Public services, free trade and the Green New Deal

ImagePhoto courtesy Our Time to Lead

Climate scientists warn that we only have 10 years to cut global emissions by 45% (below 2010 levels) if we are to meet the internationally agreed target of limiting global warning to 1.5 degrees Celsius. We also must fully decarbonize the global economy (net zero) by 2050. As a wealthy country and one of the world’s biggest per capita GHG emitters, Canada has both the capacity and the obligation to pursue a just transition to a zero-carbon economy, both at home and internationally.

Proposals for a Green New Deal (GND) are attractive because they face head-on the existential challenge to decarbonize our economy. Equally important, they bring opportunities to create a more equitable and just society, ensuring ecological sustainability, greater equality, social inclusion, and meaningful work for all. In fact, the local benefits and community development aspects of the GND are critical to gaining broad public acceptance and support for ambitious green transition policies.

Greatly expanded public services and public investment will necessarily play a key role in realizing the GND vision. All credible programs for a GND, such as those of Bernie Sanders in the United States or the Labour Party in the United Kingdom, feature expanded public services, increased public ownership and revitalized not-for-profit sectors. They also envision a much stronger government role in regulating the economy and providing direction through green industrial strategies.

The negative role of trade treaties

The trade policy dimensions of GND strategies and of decarbonizing the global economy have not been fully explored. Forward-looking trade provisions would support the just transition, not get in the way. But current trade and investment treaties pose serious obstacles to achieving the transformative vision embodied in the GND.

For example, Canada’s first major GND-style policy, Ontario’s 2009 Green Energy Act, was struck down by a World Trade Organization dispute settlement panel after challenges from the European Union and Japan. Germany, the Netherlands and Alberta have been threatened by investor-state dispute settlement (ISDS) cases over the phasing out of coal-fired plants. India and the U.S. are locked in a cycle of WTO suits and countersuits over government incentives to boost local content and employment in the renewable energy sector.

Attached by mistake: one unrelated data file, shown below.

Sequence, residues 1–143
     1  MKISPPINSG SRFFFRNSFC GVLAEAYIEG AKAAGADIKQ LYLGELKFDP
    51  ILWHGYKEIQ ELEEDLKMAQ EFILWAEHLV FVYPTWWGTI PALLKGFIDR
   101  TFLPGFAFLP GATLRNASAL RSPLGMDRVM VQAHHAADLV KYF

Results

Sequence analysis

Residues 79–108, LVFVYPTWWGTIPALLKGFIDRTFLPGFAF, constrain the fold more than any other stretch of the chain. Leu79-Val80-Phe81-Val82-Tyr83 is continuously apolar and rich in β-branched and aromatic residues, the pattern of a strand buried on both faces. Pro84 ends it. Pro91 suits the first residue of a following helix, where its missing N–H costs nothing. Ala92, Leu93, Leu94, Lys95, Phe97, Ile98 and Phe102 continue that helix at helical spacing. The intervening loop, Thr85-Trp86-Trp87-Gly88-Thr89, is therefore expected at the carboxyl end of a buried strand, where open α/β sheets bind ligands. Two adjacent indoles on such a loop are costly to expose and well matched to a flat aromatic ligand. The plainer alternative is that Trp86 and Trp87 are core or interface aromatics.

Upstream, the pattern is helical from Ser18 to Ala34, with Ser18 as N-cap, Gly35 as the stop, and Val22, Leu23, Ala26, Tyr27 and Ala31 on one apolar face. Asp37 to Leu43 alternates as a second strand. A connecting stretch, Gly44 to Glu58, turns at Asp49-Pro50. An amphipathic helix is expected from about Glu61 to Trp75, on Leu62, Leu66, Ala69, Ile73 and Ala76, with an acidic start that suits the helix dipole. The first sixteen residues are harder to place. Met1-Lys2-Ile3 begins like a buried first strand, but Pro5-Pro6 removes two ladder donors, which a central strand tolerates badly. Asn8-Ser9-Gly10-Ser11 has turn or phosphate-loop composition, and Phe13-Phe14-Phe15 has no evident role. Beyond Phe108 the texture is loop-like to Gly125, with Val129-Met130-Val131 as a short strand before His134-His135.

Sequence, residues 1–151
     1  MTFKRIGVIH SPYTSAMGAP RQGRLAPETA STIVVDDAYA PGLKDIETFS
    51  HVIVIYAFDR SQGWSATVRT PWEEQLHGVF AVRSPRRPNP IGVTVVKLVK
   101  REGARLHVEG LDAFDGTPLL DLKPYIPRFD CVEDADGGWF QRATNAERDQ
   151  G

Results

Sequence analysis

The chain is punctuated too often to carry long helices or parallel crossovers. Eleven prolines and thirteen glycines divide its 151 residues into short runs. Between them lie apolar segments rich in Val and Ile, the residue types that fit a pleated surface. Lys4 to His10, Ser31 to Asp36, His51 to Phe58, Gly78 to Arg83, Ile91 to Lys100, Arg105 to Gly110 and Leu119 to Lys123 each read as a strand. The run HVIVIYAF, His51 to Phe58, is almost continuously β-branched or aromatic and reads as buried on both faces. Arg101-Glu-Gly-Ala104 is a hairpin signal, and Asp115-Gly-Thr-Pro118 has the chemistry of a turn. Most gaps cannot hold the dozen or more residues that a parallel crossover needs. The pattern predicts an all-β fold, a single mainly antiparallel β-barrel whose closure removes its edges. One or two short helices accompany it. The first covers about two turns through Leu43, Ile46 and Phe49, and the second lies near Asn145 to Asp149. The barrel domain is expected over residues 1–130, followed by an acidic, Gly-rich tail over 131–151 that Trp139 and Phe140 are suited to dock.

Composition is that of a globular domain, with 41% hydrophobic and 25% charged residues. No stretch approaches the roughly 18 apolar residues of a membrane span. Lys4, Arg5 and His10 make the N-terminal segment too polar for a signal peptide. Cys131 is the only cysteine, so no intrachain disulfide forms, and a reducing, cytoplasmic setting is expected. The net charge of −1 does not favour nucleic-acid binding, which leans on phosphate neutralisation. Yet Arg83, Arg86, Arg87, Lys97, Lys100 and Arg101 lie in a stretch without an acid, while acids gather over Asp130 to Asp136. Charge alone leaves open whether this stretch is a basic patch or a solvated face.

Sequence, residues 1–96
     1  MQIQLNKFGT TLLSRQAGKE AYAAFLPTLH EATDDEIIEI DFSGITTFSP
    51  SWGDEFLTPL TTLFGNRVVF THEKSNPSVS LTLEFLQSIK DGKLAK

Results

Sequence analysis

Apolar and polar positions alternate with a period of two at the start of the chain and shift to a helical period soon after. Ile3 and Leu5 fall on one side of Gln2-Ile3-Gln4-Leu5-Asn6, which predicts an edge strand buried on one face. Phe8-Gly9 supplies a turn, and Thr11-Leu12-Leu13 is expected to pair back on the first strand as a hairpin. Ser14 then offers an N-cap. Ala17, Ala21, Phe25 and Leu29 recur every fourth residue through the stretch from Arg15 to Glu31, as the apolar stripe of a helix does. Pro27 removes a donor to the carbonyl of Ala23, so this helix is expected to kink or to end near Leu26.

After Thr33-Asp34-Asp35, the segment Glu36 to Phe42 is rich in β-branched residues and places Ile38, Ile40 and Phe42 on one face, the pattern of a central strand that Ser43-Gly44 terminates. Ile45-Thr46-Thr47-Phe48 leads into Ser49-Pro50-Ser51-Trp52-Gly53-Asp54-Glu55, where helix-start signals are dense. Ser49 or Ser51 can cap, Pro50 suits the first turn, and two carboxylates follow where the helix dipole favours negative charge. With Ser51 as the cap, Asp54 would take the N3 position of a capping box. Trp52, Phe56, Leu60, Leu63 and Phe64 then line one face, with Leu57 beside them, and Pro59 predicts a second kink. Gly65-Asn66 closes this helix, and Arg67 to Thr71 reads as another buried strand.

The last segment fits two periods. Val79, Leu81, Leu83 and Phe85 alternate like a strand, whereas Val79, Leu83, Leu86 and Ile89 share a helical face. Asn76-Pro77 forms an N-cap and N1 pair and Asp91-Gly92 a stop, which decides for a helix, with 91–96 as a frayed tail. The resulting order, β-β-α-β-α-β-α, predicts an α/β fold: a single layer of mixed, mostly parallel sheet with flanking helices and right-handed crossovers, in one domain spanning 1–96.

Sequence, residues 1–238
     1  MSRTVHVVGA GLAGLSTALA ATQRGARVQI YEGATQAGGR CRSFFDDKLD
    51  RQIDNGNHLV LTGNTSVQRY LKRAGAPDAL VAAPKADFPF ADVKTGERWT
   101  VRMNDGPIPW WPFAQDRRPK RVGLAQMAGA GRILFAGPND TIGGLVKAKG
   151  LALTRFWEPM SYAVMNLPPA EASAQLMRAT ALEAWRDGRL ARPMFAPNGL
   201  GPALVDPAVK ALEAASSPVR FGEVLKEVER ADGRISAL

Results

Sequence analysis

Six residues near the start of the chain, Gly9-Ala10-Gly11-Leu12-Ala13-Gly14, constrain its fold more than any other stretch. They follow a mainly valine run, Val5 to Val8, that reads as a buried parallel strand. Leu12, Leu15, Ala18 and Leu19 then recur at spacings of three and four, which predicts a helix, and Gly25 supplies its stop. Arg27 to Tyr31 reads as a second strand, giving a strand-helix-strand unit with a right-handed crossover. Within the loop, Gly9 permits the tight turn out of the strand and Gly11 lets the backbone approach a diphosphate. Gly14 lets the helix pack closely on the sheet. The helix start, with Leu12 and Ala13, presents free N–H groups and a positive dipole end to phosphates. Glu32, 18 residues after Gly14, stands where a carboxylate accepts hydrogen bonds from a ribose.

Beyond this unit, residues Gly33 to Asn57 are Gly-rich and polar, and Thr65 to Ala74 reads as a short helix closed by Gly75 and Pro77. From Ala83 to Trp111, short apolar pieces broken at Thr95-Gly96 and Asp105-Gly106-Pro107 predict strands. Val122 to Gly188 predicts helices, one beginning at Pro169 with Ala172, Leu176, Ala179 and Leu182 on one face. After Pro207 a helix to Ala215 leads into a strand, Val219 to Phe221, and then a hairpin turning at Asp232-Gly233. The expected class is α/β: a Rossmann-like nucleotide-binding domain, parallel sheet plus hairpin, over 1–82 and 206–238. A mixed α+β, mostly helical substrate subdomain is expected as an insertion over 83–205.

In the face of a climate emergency, such litigation and the chilling effect it exerts on climate action are absurd. Fortunately, the most straightforward way to navigate multiple trade treaty constraints and to reduce the risk of trade treaty challenges to implementing a GND is by relying heavily (as the most progressive GND plans already do) on public investment, public services and proactive public purchasing. However, even this publicly directed road has a few bumps.

For Canada, three of the biggest trade treaty obstacles to having public services and purchasing play a pivotal role in a successful domestic GND strategy are 1) investment treaties that include ISDS, 2) the procurement provisions in the Canada-EU Comprehensive Economic and Trade Agreement (CETA), which cover purchasing by provincial crown corporations, local governments and the broader public sector, and 3) the so-called market access provisions in the General Agreement on Trade in Services (GATS) and multiple Canadian free trade agreements (FTAs).

Dismantling ISDS

Canada’s record under NAFTA’s investor-state dispute settlement process is all the proof we should need that ISDS fundamentally clashes with plans for rapidly decarbonizing the economy. But globally firms are using ISDS (or threatening to) to sue countries for strengthening environmental measures that happen to affect investors’ business interests.